sermon preached at St. Paul’s Episcopal Church, Bellingham, WA
by the Rev. Josh Hosler, Curate
The Second Sunday in Advent, Year C, December 6, 2015
The countdown to Christmas has begun. It’s not Christmas yet, despite urgent cultural messages beating us about the head every day. I remember once, when we were kids, my brother Seth coming up to me and saying, “It’s nineteen days until Christmas.” And I said, “I know. It’s nineteen days until Christmas.” And a sort of quiver ran through him, and suddenly he shouted, “Christmas attack! AAAAAHHHHH!” And he started running all over the living room, letting off his spare energy.
It’s been a long time since Advent felt like that for me. But I imagine that, for a lot of us, our earliest memories of Advent are of intense longing for material things: what gifts will be under the tree? I mean, there’s even a new Star Wars film coming to theaters! For people my age, it’s like our childhood has returned. Will I get that Millennium Falcon that I can put my Han Solo and Chewbacca action figures into? It’s so soon … not yet. It’s almost here, not yet, but almost. And this is Advent language. It’s not just about Christmas, but it is in relation to Christmas. And deep within that longing for Christmas, as a child, for me, there was this lingering suspicion that maybe it’s not really about the material gifts, and that maybe the longing is even better than the having. How great might it be just to stay in the longing, because it’s such a luscious place to be? Advent is about the excitement of preparing our hearts for God’s arrival.
The prophet Malachi demands that we prepare for the coming of the Lord, and that we do so by making “offerings to the Lord in righteousness.” Apparently Malachi didn’t see a lot of that going on, which is why he had to say it. Yet he knew this was what God demanded: “offerings in righteousness.” What does that mean? “Righteousness” is one of those holy words that we assume we understand until we try to define it. I first learned what righteousness means in relation to Abraham: that Abraham was made righteous because he trusted God. Righteousness doesn’t mean moral behavior or a clean slate; it just means trusting God. So when we make offerings in righteousness, we are making offerings with complete trust.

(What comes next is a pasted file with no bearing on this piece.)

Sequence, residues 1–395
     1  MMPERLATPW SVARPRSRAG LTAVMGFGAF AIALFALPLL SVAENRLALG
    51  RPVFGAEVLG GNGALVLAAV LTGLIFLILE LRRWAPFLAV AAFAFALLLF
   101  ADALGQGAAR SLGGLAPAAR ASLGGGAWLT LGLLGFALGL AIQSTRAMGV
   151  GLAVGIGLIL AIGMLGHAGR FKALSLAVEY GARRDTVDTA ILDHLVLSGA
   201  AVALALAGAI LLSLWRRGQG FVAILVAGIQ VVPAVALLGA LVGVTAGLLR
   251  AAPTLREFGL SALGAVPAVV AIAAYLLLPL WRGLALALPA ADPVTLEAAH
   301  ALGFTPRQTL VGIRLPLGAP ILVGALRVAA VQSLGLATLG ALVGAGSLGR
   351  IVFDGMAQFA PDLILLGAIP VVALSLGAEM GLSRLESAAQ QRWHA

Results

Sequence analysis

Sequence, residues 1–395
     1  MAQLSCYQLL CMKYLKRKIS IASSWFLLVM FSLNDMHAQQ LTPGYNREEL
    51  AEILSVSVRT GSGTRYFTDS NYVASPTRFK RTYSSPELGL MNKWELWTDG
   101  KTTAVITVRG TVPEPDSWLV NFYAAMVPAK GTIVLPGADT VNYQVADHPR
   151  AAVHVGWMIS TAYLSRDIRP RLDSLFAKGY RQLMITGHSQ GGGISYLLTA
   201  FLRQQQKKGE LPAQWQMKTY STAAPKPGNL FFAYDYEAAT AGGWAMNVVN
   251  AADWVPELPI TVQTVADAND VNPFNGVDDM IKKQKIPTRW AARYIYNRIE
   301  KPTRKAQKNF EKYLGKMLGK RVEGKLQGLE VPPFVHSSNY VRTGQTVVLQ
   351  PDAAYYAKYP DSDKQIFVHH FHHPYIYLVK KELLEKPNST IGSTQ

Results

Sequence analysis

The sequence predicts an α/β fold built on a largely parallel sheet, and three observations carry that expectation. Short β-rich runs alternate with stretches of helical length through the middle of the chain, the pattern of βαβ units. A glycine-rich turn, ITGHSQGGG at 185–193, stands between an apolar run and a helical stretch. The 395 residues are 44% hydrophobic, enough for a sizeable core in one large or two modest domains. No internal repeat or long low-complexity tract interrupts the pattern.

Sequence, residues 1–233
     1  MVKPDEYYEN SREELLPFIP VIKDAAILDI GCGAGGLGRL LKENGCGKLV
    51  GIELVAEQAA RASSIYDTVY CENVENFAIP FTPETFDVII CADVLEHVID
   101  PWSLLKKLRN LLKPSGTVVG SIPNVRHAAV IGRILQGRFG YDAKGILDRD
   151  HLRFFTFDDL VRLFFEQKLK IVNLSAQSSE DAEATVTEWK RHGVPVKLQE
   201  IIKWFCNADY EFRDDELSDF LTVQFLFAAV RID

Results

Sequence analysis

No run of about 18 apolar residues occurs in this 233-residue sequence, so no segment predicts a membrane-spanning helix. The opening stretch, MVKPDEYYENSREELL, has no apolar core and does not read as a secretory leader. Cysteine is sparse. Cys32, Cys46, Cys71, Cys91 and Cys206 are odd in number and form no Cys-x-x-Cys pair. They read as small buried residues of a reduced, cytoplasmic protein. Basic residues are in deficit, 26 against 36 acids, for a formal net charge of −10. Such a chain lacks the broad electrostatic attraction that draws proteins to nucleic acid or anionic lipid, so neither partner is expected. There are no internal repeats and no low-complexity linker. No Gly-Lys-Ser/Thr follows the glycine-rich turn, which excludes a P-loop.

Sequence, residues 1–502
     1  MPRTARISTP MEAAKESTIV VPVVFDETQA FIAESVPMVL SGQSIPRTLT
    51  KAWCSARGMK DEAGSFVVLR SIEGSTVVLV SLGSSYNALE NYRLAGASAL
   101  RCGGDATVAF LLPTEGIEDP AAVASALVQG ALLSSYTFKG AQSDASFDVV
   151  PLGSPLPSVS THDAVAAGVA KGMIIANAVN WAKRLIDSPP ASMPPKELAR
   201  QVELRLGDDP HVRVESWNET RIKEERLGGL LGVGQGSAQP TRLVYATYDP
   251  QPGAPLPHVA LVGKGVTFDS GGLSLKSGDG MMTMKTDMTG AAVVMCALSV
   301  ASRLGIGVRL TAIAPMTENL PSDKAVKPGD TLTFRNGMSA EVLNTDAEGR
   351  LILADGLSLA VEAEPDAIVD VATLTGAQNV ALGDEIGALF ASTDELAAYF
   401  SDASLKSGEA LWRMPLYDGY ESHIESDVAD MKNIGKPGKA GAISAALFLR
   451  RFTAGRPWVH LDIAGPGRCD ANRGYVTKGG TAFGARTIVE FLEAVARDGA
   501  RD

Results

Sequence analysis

Advent is also about judgment, and that rings through loud and clear in Malachi’s passage as well. We don’t like to think about being judged. I think many of us in this room tend to be the breed of Christians who say, “Well, God isn’t really like that. God isn’t a judgmental God; that’s a destructive stereotype.” And yet … and yet, we doubt. As Chuck discussed in his sermon last week, we assume that our sins might get in God’s way. We wonder: What am I going to be judged for? I know that I carry guilt over things I’ve done, and rightfully so. What will the judgment be, and what will the consequences of that judgment be?